Coal is an important global resource and likely to remain so for many years to come, but the pressure is on to reduce transportation costs by improving the efficiency of coal handling operations.
Handling and transportation of coal is a major consideration. Coal conveyors are heavy-duty electro-mechanical systems that start and stop under heavy load. They are prone to ingress from harsh coal dust and related debris, and their working conditions can be far from ideal as well with dramatic swings in temperature plus driving rain, sleet and snow, ice build-up etc.
Sensor Technology of Banbury has been developing technologies that can help operators to boost long-term reliability, increase availability, and reduce unscheduled maintenance. Sensor Technology’s offering to the coal handling and transportation industry is built around its non-contact digital torque monitoring technology. Applied to the control systems for conveyors, it can transform these processes into accurately monitored and optimally managed systems.
Accurate monitoring of torque is a key indicator of impending mechanical problems. The data can also be used to ensure conveyors are being run at optimum speeds, and that mechanical shocks are being minimised. As coal is added and the conveyor load increases, so more power is needed. Similarly, if the conveyor is run at a higher speed, more power is needed. Controlling conveyor speed accurately helps to minimise shock loads, and so leads to both increased reliability and increased efficiency.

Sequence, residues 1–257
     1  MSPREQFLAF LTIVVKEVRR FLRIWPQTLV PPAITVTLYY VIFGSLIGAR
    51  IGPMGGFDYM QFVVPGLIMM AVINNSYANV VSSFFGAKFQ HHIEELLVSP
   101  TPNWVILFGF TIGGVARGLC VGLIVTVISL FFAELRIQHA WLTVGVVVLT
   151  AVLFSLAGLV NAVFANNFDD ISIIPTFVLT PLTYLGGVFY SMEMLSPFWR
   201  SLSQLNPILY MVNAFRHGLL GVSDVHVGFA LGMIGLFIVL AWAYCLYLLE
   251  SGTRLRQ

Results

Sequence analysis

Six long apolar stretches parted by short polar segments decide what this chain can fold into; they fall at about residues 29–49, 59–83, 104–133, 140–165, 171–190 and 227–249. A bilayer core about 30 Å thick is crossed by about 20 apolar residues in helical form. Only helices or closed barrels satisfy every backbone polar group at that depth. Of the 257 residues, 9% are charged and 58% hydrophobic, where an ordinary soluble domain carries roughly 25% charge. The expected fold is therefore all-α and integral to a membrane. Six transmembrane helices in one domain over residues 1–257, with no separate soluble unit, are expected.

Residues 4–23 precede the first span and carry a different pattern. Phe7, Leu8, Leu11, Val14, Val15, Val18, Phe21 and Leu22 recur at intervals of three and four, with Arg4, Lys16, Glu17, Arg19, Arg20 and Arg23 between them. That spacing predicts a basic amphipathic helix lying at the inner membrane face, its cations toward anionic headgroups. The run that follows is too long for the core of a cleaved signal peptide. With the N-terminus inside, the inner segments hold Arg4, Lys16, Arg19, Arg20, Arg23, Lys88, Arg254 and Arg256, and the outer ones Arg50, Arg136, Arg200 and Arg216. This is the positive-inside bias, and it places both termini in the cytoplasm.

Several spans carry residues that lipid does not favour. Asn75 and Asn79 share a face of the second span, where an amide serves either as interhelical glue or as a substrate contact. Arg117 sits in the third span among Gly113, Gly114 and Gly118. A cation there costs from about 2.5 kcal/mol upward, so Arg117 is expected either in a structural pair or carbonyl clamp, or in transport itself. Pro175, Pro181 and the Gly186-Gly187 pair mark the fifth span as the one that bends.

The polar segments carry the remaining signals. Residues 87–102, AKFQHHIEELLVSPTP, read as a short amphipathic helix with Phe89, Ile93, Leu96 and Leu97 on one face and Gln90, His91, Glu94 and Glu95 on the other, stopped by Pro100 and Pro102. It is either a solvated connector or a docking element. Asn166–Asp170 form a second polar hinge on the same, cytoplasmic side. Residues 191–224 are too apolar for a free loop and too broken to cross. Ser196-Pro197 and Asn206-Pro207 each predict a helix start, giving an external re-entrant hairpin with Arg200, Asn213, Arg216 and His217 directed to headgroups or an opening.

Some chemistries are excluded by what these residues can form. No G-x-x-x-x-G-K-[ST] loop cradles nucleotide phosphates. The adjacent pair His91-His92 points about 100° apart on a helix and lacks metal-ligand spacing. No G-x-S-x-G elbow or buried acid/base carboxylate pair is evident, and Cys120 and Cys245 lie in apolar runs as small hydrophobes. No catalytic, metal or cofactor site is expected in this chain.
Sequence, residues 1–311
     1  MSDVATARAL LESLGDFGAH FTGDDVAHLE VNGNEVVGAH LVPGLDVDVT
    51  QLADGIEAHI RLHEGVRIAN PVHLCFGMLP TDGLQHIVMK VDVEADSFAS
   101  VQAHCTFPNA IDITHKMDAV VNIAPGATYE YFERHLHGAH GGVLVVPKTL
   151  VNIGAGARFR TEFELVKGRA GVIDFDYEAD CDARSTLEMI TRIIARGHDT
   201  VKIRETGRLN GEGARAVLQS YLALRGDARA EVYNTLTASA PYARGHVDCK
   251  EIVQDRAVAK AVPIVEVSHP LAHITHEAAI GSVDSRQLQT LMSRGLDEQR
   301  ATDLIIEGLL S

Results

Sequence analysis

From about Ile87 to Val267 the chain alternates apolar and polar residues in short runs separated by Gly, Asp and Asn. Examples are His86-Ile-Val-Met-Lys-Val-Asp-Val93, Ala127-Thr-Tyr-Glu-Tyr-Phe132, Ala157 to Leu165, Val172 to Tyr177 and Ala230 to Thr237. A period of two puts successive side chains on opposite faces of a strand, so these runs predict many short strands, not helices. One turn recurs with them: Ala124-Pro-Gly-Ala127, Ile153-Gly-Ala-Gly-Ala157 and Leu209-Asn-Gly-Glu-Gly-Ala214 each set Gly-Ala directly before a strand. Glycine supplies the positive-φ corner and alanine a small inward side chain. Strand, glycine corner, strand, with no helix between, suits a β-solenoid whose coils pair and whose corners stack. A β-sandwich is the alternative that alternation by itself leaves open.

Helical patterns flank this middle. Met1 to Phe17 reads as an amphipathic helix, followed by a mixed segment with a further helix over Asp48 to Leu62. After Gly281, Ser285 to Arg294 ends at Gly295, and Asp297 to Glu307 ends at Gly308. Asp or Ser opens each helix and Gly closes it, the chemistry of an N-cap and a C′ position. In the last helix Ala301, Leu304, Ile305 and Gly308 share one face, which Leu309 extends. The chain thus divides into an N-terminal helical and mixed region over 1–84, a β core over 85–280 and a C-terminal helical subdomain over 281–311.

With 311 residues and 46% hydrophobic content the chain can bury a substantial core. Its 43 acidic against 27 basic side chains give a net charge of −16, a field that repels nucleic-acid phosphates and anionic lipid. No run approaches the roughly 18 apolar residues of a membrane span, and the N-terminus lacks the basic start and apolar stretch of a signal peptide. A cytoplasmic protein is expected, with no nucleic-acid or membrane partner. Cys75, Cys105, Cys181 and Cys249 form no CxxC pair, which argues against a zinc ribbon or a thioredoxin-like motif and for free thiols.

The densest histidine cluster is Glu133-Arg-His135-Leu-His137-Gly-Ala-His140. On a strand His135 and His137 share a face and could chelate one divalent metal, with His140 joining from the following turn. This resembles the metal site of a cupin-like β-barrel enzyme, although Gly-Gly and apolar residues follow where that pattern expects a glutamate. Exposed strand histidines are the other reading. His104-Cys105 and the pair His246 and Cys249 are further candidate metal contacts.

Traditionally torque data has been hard to collect, with wired technologies vulnerable to the challenging environmental conditions. Wireless technology presents an important alternative that is being recognised as a real enabler for monitoring torque in even the most demanding applications.
The company’s TorqSense transducer is based on the patented technology of measuring the resonant frequency change of surface acoustic wave (SAW) devices. TorqSense torque sensors use two tiny SAW devices or SAWs made of ceramic piezoelectric material containing frequency resonating combs. These are glued onto the drive shaft at 90 degrees to one another. As the torque increases the combs expand or contract proportionally to the torque being applied. In effect the combs act similarly to strain gauges but measure changes in resonant frequency.
The adjacent RF (radio frequency) device transmits radio waves towards the SAWs, which are then reflected back and picked up by the device. The change in frequency of the reflected waves identifies the current torque. This arrangement means there is no need to supply power to the SAWs, so the sensor is non-contact and wireless.
This innovative method of measuring torque can bring distinct advantages to coal conveying, whether in extracting coal from the mine, or transporting it for processing, or as part of subsequent shipping operations. A process that was once regarded as very difficult to monitor can now reap the same benefits as many other industrial processes.
TorqSense technology can also improve on the torque limiters that are traditionally relied on to prevent mechanical damage in the event of a coal conveyor jam. Continually monitoring the torque, the transducer can identify the gradual increases that are indicative of an impending jam condition, so enabling preventive maintenance.
TorqSense has seen widespread adoption in torque monitoring applications across a host of industries.
Edited from press release by Angharad Lock